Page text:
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Consumer access to justice (Green Paper)


To enable all the Community's consumers to gain access to justice and to deal with cross-border disputes.


Commission Green Paper of 16 November 1993 on access of consumers to justice and the settlement of consumer disputes in the single market.


The situation in the Member States

In its Green Paper, the Commission outlines, for each Member State:

  • the legal procedures applicable to consumer disputes;
  • the out-of-court procedures devoted to such disputes (mediators, ombudsman);
  • the protection of collective interests via consumer organisations or certain administrative bodies;
  • the national pilot projects.

This comparative study shows that, in most of the Member States, the court procedures applicable to small disputes have been simplified either through reform of the code of civil procedure or through the creation of simplified procedures. This has the effect of speeding things up, making it possible to proceed without a lawyer or attempting to effect conciliation with the parties appearing in person.

Moreover, out-of-court procedures specifically devoted to consumer disputes have also been created: conciliation, mediation or arbitration.

The specific problem of cross-border disputes

The Commission analyses the difficulties associated with cross-border disputes:

  • identification of the applicable law;
  • determination of the competent court;
  • submission and translation of the documents;
  • enforcement of the judgment.

These aspects constitute supplementary and specific barriers encountered by consumers seeking to invoke their rights.

The Commission then looks at the relevant international conventions which have been signed, and points out that the situation is not satisfactory as regards the law applicable to cross-border disputes.

A further difficulty lies in applying the simplified procedures introduced in the Member States.

Collective action provided for in the various national legislations may well have no effect in connection with cross-border commercial practices. Consumer protection organisations do not have the capacity to act or have no interest in doing so. If the single market is to operate effectively, solutions need to be found.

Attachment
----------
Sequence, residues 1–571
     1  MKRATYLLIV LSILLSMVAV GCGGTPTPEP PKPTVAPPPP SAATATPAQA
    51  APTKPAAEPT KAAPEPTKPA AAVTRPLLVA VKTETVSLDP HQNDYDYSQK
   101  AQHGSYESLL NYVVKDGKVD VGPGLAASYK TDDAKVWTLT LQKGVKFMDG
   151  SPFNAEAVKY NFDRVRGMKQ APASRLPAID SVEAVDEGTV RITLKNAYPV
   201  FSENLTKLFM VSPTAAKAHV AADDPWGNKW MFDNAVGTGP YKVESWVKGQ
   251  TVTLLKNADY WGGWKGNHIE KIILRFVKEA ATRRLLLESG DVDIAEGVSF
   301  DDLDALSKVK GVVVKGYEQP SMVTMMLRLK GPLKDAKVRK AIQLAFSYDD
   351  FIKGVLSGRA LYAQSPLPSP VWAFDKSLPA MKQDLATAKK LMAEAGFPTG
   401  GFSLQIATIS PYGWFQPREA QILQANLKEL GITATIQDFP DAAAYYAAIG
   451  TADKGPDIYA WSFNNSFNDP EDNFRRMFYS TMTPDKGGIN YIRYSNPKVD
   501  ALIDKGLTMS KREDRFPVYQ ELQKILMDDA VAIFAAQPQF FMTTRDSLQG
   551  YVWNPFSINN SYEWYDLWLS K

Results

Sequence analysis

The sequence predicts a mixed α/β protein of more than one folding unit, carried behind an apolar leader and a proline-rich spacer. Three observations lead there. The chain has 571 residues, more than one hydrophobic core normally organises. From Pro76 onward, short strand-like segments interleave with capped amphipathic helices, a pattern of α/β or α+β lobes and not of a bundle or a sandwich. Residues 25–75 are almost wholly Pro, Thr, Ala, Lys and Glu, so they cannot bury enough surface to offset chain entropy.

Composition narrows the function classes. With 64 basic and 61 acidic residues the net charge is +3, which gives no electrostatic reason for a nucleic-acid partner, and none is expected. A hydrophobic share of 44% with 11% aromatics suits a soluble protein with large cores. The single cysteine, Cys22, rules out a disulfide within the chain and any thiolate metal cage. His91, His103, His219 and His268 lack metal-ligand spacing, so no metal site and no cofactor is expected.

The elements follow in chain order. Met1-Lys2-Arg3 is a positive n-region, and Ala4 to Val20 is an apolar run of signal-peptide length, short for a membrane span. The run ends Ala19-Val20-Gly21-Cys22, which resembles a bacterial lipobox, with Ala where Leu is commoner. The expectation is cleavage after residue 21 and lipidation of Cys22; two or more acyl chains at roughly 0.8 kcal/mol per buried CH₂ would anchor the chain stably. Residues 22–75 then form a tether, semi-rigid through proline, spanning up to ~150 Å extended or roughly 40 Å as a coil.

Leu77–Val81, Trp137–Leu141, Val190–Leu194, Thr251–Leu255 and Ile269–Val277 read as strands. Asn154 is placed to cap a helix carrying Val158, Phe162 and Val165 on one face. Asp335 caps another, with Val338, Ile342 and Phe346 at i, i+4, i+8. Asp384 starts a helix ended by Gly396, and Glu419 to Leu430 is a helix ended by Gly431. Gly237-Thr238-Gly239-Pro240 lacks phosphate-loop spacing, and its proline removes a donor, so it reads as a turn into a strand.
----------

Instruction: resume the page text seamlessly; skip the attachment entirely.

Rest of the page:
Topics for discussion

With regard to actions for an injunction, three approaches must be considered, in the light of the principle of subsidiarity:

  • establishment of a Community "regulator" applying a Community procedure;
  • harmonisation of national provisions;
  • mutual recognition of national provisions.

The question of legal aid is also addressed. Consumer organisations have insufficient resources and may find it difficult to perform their allotted role in national disputes. The added cost of disputes of a cross-border nature and their complexity necessitate more in-depth study of the situation.

The Commission advocates the setting up of a mechanism for monitoring cross-border disputes, involving judges and independent experts, with the aim of identifying the problems encountered in practice and establishing a list of priority areas for action.

Finally, the Commission suggests the creation of a code of conduct. It hopes to clarify the concept of "mediator" and to develop all the out-of-court procedures, thereby lessening the imbalance between the cost of the cross-border legal procedure and the value of the dispute.

4) deadline for implementation of the legislation in the member states


5) date of entry into force (if different from the above)

6) references

COM(93) 576 finalNot published in the Official Journal

7) follow-up work

On 14 February 1996, the Commission presented a communication entitled "Action plan on consumer access to justice and the settlement of consumer disputes in the internal market" [COM(96) 13 final].

This communication evaluates the cost of "judicial" frontiers, with the Commission drawing attention to the consensus emerging from the consultation process set in train by the Green Paper, having regard in particular to:

  • coordination of national provisions concerning actions for an injunction;
  • promotion of an environment conducive to the out-of-court settlement of consumer disputes;
  • reinforcement of the system for monitoring intra-Community disputes;
  • creation, in the shape of pilot projects, of coordinated mechanisms for instituting cross-border proceedings.

The Commission proposes a working outline for the establishment of minimum criteria applicable to the handling of cross-border consumer disputes so as to facilitate the creation and/or networking of out-of-court procedures.

The Commission also puts forward proposals for simplifying access to court procedures.

8) commission implementing measures